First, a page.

Both portable and automotive batteries are obliged by the directive to be visibly labelled with their capacity. But there are technical difficulties in creating a uniform methodology in assessing and presenting the capacity for non-rechargeable batteries. So even though the directive requires portable non-rechargeable batteries to be labelled with their capacity, this is not enforced (only for non-rechargeable portable batteries). .

2.4.3. Requirements to inform

The Batteries directive leaves the decision on whether or not economic operators are obliged to inform end-users about the Batteries directive to the individual member states. The directive is not specific in what member states are allowed to require, so giving a general scheme for compliance for this is not possible. In  registering to the national authorities, requirements for information should also be gathered from said national authorities. 

2.4.4. Obligations for compliance

  • Register at national authorities where the product is sold.
  • Label product with the crossed-out wheeled bin, capacity and appropriate chemical symbols.
  • Follow the restrictions on mercury and cadmium.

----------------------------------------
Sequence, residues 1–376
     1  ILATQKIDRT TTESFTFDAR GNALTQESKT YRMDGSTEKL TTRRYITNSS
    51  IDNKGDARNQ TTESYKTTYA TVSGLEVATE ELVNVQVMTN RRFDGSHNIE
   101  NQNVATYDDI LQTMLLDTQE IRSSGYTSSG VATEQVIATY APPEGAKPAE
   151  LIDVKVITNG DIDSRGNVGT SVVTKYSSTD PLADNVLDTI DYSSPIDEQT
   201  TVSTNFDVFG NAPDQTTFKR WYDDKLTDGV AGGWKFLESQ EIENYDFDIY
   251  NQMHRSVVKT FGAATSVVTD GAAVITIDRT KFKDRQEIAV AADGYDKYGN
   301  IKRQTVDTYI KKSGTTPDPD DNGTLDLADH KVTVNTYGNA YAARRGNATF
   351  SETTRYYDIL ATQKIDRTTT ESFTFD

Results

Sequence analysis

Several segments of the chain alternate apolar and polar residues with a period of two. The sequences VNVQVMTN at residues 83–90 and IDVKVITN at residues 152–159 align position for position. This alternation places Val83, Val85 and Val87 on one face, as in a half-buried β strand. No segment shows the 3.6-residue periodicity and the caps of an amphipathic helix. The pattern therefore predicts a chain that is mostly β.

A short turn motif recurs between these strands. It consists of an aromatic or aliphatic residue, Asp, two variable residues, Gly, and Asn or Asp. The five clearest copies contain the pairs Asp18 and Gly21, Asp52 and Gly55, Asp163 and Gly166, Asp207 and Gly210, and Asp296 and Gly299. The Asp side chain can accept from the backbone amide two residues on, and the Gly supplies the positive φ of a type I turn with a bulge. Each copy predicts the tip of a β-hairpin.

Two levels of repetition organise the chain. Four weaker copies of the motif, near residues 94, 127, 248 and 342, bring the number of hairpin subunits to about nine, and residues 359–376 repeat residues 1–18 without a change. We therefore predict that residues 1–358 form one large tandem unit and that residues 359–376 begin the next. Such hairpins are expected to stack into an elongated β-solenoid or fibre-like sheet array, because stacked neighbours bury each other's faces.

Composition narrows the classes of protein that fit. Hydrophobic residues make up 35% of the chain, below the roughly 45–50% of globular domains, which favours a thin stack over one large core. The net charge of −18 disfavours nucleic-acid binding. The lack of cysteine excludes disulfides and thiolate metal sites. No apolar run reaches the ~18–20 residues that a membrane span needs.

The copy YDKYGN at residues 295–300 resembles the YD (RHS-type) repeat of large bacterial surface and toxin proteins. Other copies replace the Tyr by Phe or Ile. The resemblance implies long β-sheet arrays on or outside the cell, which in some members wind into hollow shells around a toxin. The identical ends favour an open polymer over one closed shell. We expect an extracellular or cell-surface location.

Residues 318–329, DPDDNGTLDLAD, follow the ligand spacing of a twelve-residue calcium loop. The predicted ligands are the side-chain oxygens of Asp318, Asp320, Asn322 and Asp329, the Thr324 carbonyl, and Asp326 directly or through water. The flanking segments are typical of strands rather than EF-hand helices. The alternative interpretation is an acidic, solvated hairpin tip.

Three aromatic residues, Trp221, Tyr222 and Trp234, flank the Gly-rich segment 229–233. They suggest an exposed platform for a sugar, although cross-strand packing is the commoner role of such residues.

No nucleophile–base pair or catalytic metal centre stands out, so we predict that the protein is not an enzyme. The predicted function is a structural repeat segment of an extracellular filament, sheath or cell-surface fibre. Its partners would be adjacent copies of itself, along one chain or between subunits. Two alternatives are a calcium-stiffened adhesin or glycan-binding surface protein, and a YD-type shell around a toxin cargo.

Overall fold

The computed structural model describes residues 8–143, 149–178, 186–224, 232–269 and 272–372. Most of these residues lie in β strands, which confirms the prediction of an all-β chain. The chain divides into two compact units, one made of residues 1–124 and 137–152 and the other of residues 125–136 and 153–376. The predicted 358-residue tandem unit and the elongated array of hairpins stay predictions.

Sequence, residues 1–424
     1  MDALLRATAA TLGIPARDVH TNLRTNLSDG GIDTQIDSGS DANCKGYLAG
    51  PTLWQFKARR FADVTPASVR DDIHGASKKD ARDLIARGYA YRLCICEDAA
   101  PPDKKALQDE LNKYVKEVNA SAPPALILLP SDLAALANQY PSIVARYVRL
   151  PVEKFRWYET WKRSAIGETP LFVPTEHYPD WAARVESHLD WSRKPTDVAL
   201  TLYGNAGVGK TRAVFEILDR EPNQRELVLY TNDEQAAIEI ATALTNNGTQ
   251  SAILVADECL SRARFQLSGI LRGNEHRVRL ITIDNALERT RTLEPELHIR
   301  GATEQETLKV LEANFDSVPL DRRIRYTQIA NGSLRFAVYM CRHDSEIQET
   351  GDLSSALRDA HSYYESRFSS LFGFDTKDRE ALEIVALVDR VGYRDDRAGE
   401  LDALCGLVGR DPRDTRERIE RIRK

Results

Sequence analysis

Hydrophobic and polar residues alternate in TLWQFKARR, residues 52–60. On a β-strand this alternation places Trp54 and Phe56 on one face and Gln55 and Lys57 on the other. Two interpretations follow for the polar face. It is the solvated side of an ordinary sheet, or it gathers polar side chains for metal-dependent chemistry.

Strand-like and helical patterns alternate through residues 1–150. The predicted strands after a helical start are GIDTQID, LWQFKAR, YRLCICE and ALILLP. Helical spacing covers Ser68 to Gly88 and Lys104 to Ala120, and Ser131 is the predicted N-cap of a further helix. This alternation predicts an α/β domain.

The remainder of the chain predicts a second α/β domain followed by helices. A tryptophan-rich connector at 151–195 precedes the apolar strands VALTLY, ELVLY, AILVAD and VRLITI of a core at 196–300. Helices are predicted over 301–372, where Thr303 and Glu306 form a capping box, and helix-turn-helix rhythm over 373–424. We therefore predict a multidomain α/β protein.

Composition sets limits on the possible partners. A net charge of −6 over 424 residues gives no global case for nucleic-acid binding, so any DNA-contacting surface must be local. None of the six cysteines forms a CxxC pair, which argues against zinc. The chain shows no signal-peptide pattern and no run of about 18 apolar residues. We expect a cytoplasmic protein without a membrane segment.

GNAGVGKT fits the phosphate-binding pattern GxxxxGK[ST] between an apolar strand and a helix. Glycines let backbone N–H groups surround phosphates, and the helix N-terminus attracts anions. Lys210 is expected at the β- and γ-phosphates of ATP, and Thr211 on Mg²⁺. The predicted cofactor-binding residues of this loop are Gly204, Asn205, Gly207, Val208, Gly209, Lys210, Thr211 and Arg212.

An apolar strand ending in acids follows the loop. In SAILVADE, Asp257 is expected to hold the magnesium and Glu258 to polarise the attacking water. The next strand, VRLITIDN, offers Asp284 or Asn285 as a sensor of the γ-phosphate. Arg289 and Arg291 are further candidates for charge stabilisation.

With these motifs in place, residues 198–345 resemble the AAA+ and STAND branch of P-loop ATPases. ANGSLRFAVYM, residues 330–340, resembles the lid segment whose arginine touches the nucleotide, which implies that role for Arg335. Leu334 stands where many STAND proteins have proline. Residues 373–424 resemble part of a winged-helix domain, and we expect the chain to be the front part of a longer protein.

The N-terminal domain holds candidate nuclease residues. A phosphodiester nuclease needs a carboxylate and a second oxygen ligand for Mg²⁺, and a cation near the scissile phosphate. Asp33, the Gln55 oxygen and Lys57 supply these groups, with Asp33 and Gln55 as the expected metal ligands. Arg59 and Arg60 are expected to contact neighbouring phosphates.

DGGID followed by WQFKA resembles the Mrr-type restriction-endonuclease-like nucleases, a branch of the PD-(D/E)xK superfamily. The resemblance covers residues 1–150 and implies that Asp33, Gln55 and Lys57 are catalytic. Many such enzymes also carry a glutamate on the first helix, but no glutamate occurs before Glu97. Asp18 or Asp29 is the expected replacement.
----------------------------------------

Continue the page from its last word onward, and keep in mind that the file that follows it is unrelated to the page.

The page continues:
• Provide information to the user as is required by national authorities.

3. Key takeaways

These directives do not have identical structures or requirements, but it is evident that they apply producer responsibilities in similar ways. Since the European Commission has delegated how major parts of these directives should be implemented to the member states, complying with the requirements for the entire EEA market is a complex task. The summaries of the directives above are a good start for understanding the frameworks and should help you as a producer to understand what tasks must be performed.

As the producer you need to:

  • Understand your obligations in each country you sell your products in.
  • Register as a producer nationally.
  • Register the amount of waste you produce according to the national scheme (monthly/quarterly/every six months/yearly). 
  • Inform about the collection of your waste according to the national requirements.
  • Label your products/packaging according to EU and national requirements.
  • Understand the need to appoint an Authorised Representative.
  • If needed, appoint an Authorised Representative.

Want to know more?

If you want to know better how Zatisfy can help comply with this regulation please read more here, send an email to contact@zatisfy.se or schedule a free 25 min appointment with one of our experts here.